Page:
of International Marketing.
The new government
was keen to leverage the country's strengths, particularly
in its tourism, food and fashion industries. A previously
commissioned marketing study had drawn a public outcry due
to its multimillion-dollar price tag. Jain, who has taught
at Sasin since the late 1980s, suggested the two business
schools work together to develop the Thai brand.
is one of the Kellogg contributions to Thailand," Jain says.
"It grows out of the partnership we have had since 1982."
a marketing consultant to Thailand, Dean Dipak
C. Jain, center, meets regularly with the country's
senior officials. Here, from left, are Prime Minister
Thaksin Shinawatra, Finance Minister Somkid Jatusripitak
'84, Jain, and Vice Minister Suvit Maecincee '96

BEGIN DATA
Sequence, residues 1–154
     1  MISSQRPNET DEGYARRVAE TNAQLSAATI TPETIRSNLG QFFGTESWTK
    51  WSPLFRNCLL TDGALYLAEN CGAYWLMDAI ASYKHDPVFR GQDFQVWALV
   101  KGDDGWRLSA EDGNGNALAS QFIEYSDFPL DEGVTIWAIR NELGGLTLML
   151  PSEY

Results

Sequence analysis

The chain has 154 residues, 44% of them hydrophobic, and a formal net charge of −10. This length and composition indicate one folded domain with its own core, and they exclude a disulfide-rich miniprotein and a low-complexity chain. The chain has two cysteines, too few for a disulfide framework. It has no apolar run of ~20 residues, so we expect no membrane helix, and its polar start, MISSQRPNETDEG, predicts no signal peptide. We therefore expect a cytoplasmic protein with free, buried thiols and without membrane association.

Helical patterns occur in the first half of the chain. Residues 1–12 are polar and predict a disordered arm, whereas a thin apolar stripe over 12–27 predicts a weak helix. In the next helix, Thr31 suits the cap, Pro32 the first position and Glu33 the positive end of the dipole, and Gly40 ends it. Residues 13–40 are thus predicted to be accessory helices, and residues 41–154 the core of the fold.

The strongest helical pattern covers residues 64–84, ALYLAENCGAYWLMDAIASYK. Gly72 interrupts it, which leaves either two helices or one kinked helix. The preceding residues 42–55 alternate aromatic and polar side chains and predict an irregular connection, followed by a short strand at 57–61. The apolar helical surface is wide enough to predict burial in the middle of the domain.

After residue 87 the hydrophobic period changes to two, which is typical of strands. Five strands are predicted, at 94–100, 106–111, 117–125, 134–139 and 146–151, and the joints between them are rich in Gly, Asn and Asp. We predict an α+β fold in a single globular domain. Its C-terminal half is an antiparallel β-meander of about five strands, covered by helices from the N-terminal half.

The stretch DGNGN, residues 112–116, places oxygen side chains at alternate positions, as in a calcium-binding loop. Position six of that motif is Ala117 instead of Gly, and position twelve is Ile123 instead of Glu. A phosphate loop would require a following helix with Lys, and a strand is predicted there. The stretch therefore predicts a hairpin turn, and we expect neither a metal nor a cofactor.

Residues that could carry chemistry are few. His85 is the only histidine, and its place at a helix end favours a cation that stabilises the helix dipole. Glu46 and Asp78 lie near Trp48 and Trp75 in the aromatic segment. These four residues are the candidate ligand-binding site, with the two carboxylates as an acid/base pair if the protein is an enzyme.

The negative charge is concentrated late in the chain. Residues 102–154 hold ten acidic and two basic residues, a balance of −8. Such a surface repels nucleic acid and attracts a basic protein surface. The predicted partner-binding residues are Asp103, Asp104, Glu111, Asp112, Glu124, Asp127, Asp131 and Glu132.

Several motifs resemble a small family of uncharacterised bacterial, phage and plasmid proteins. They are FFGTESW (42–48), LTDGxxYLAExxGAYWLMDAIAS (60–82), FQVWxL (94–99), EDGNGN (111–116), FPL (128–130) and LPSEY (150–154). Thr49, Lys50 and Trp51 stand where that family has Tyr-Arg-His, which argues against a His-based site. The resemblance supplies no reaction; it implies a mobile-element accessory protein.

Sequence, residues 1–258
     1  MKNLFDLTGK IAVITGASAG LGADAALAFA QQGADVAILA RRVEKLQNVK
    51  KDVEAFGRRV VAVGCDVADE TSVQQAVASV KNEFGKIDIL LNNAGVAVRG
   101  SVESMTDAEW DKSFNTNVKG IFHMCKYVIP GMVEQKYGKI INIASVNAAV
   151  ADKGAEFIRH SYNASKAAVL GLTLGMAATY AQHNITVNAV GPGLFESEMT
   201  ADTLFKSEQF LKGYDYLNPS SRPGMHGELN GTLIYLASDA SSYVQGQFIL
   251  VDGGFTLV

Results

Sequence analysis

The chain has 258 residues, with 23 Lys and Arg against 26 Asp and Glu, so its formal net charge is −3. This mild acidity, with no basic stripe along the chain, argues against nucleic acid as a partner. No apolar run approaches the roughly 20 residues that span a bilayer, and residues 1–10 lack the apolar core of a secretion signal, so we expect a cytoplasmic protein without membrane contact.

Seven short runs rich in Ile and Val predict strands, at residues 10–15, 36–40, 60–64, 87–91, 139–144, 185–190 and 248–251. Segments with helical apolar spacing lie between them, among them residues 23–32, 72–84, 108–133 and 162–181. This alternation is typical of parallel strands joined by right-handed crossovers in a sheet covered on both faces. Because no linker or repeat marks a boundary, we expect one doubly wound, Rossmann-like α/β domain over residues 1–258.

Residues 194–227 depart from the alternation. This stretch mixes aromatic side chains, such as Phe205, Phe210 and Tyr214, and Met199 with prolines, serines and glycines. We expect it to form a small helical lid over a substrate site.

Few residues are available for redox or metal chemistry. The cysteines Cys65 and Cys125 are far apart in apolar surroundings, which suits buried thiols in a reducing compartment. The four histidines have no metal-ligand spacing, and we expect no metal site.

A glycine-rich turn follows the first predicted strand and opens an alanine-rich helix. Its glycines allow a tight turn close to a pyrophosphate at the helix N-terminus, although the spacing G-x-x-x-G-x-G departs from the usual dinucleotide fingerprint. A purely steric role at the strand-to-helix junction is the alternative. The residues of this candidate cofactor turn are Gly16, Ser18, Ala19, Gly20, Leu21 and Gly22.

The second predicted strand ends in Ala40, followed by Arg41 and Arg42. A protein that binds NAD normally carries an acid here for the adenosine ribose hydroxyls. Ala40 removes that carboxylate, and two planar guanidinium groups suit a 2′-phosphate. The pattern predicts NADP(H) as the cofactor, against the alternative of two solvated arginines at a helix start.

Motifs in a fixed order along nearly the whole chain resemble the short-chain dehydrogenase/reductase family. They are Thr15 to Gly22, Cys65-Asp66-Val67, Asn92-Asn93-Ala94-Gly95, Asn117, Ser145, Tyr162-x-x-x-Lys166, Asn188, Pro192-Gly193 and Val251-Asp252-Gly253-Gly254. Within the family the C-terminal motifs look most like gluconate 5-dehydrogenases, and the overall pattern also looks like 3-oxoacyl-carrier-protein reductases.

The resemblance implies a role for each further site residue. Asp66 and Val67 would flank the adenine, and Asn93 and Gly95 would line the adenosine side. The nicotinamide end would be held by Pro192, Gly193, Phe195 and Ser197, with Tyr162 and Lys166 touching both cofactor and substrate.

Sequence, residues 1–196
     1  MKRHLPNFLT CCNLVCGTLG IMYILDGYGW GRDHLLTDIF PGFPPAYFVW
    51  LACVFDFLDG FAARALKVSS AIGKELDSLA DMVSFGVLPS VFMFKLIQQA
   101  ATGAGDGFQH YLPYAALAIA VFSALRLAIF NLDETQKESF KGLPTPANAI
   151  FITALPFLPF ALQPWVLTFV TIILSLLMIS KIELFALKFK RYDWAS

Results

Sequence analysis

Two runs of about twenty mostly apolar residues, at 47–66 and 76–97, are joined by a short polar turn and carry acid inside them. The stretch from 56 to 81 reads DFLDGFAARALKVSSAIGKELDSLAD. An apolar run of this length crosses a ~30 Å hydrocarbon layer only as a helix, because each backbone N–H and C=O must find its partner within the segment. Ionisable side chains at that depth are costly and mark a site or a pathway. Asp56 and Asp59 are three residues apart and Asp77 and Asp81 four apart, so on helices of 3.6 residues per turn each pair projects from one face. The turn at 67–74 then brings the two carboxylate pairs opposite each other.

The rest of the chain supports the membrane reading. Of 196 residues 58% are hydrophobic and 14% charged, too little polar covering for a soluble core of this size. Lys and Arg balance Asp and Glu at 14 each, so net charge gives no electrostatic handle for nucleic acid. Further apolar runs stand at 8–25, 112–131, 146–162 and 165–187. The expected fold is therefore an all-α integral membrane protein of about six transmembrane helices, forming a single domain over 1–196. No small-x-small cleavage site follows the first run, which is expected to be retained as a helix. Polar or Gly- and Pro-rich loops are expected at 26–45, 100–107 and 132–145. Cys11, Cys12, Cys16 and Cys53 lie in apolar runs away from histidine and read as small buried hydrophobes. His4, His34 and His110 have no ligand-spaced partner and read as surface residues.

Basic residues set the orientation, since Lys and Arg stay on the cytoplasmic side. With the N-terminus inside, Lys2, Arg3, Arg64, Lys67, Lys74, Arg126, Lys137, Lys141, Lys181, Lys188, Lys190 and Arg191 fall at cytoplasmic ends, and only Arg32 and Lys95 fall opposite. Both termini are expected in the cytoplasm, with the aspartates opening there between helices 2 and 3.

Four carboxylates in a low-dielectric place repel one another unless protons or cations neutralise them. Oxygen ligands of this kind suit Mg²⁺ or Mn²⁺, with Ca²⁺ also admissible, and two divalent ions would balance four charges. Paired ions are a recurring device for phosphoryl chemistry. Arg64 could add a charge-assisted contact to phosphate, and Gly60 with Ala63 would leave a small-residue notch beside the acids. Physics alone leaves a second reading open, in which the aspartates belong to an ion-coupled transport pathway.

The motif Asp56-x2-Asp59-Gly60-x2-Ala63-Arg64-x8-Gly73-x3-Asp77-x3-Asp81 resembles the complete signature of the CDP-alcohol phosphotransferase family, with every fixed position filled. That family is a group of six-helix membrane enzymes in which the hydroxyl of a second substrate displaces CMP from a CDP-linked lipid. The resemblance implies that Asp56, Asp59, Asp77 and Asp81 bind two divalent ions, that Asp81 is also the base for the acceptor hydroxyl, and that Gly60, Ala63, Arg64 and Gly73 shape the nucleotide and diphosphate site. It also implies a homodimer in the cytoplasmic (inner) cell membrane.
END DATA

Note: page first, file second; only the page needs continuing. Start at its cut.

Under Jain's supervision,
about a dozen Sasin students, six Kellogg students and several
Sasin professors teamed to survey 1,000 Kellogg alumni on
their perceptions of Thailand.
After three months,
the team emerged with a sense of the country's brand essence:
the warmth, caring and hospitality of the Thai people. These
qualities, Jain says, can be leveraged into a national brand
identity. They embody "Thai-ness," a term Jain hastens to
"This is not a
word used in the Western world as it is used in the East,"
Jain says. "In Asia, there is a sense of 'India-ness,' for
example, or "Chinese-ness.' It refers to the nation's core
cultural values. In Thailand, that means a sense of respect
and care. The spa experience in Thailand, for example, is
different from the spa experience anywhere else in the world.
So are the trekking and dining experiences. The way they treat
you and respect you is unparalleled."
Even last December's
tsunami, which devastated some of the country's tourist areas,
created opportunities to reinforce this identity.